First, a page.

Using a comprehensive online tool for planning retirement can be a great way to seriously document and assess your finances. And because you are taking responsibility for your own decisions and information, it might be more effective than consulting with a financial advisor — to a certain extent.
There are pros and cons to most of these online systems:
- Fees: Most comprehensive tools have a monthly or yearly fee.
- Ease of Use: Some are easy to use, others are intimidating and complicated.
- Focus: Some are primarily focused on savings and investments. Others are more holistic and offer more guidance on Social Security, pensions, medical costs, housing and more.
Try a few until you find one that you feel good about. Just be sure that you are updating and assessing your plans at least once a quarter. CanIRetireYet has the most detailed list and analysis of various online retirement planning tools. They compare the best retirement calculators and best retirement planning systems.
Here is some recent feedback about the NewRetirement Planner:
5. Investment and Retirement Clubs
Studies have shown that people who have friends with high financial intelligence become more financially intelligent themselves. Just as you are more likely to exercise if your peer group exercises, you are more likely to save for a secure retirement if your friends are saving as well.
Many people have investment clubs that meet regularly to discuss ideas for how to best grow savings. There are also active online forums like those on bogleheads and the American Association of Individual Investors.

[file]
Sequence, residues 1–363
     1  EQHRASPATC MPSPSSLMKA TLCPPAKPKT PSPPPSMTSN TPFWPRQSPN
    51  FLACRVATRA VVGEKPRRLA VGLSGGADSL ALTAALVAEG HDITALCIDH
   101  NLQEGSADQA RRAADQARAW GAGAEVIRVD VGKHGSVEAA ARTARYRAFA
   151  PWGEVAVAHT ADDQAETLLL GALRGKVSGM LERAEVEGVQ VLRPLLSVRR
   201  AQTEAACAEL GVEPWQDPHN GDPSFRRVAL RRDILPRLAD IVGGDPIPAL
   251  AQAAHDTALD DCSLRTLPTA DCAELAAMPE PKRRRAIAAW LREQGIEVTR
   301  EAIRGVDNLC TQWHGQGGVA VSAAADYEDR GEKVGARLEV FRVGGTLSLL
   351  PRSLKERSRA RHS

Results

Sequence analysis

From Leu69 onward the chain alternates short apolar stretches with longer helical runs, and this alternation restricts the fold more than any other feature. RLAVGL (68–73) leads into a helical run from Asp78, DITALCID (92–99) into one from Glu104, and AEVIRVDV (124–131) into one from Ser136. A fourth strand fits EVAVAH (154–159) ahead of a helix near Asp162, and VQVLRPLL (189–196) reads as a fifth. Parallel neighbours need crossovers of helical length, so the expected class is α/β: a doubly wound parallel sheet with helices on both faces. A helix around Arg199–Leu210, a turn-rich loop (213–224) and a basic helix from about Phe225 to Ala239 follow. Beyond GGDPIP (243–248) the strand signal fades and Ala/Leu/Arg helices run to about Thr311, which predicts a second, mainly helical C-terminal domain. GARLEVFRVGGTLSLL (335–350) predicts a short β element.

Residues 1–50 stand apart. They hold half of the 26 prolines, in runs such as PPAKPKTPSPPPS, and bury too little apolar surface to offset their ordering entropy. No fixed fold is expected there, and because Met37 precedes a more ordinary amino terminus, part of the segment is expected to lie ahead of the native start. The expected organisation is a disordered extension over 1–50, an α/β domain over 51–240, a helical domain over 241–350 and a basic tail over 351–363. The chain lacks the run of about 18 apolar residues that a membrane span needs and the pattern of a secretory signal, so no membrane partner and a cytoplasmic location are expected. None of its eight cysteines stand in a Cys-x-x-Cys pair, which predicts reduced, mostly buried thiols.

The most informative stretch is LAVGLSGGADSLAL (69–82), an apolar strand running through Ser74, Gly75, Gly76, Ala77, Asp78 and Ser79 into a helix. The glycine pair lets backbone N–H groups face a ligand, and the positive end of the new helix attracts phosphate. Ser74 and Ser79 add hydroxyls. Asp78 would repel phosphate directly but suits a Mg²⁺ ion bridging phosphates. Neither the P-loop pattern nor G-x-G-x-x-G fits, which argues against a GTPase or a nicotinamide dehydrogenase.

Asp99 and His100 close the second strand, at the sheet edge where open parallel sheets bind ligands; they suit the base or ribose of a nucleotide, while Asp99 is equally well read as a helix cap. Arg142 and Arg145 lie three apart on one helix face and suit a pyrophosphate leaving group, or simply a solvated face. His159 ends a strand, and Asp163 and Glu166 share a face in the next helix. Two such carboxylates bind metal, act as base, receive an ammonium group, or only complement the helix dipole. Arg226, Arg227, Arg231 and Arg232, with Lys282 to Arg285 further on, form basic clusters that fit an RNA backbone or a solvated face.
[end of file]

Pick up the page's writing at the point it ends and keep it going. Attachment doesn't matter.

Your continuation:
Some groups host more general retirement planning clubs. Learn about how to set up a retirement club for you and your friends.
6. Robo Advisors
Robo Advisors are online services that automate investing. They collect some information about you and your goals and then apply a formula to decide how you should be invested, when to re allocate and more.
Many people like Robo advisors because their investment management fees can be a lot less expensive than using a broker or advisor. Robo Advisors typically charge between .2% to .5% of the value of your savings annually which is a significant savings from the 1%-2% charged by more traditional wealth management resources.
Another advantage is that you don’t have to be a millionaire to take advantage of a robo advisor. Most robo advisors have a minimum investment amount of $100,000 while many investment managers require that you have more than $500,000.
The downside is that robo advisors pretty much only deal with investments — which is only one aspect of your plans.
7. Specialized Services
There are a lot of distinct questions to answer and things to manage when it comes to your retirement finances. You may want to seek specialized advice for Social Security, lifetime annuities, taxes, living abroad, real estate (downsizing, relocating, retirement communities, etc…), career changes, supplemental Medicare coverage, and more.
When assessing these services, it is important to understand how each one makes money and what the value to you could be. Most people opt to use a real estate agent when selling or buying a home, even though they could do it themselves. You should apply similar thinking to other types of services for retirement.
Many of these types of services will charge you a flat fee for a specified deliverable. Others may be earning a commission on any services they sell to you.
8. Brokers and Agents
Stock brokers, insurance sales people and services, and real estate agents are just a few of the sources from whom you might get specialized retirement advice.
While most of these providers will be earning a commission if you act on their guidance, many will still try to make your goals be what is most important — not how much they are being paid.
Nonetheless, it is important to ask a lot of questions and to understand what you are buying and why the agent or broker is making any specific recommendations. Insist on understanding how they are getting paid.
A downside to working with specialized services or a set of brokers and agents is that you may end up paying more to a variety of organizations than you would to a full-service advisor.
Help with Finding the Right Retirement Resources
Would you like help figuring out the right resource to help you with your retirement? Email us your questions and goals and we can help you identify the right guidance.